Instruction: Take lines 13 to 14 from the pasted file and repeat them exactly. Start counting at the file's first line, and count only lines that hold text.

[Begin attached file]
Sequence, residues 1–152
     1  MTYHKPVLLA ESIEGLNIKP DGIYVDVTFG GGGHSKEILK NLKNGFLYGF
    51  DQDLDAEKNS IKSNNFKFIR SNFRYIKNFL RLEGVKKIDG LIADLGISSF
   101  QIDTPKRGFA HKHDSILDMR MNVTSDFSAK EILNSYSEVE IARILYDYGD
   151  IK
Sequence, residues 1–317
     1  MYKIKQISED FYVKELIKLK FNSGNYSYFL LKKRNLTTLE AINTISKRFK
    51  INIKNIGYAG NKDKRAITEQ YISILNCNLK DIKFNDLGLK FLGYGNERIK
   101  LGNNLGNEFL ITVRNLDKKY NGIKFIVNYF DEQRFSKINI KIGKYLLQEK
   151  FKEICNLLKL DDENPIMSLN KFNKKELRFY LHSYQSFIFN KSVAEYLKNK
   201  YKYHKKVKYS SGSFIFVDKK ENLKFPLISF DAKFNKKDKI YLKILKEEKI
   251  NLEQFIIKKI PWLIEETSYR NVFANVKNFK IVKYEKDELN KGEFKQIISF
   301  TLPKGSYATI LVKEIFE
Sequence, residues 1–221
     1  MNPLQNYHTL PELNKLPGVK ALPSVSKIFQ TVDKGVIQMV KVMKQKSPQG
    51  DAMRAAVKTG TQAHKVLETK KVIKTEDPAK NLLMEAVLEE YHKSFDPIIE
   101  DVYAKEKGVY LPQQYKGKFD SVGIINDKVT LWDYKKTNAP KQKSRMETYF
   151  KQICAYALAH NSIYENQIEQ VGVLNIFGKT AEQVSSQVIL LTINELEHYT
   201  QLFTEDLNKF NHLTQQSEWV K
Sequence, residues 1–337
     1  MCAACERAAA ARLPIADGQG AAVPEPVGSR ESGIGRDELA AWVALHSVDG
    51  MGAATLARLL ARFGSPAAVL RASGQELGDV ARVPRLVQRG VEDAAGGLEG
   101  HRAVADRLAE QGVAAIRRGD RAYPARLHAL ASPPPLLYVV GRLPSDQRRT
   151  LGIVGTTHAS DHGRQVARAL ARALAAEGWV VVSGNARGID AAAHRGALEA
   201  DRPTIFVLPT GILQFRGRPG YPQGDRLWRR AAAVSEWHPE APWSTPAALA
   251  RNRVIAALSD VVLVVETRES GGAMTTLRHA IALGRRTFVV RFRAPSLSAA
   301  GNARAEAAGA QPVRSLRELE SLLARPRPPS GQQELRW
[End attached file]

   301  TLPKGSYATI LVKEIFE
Sequence, residues 1–221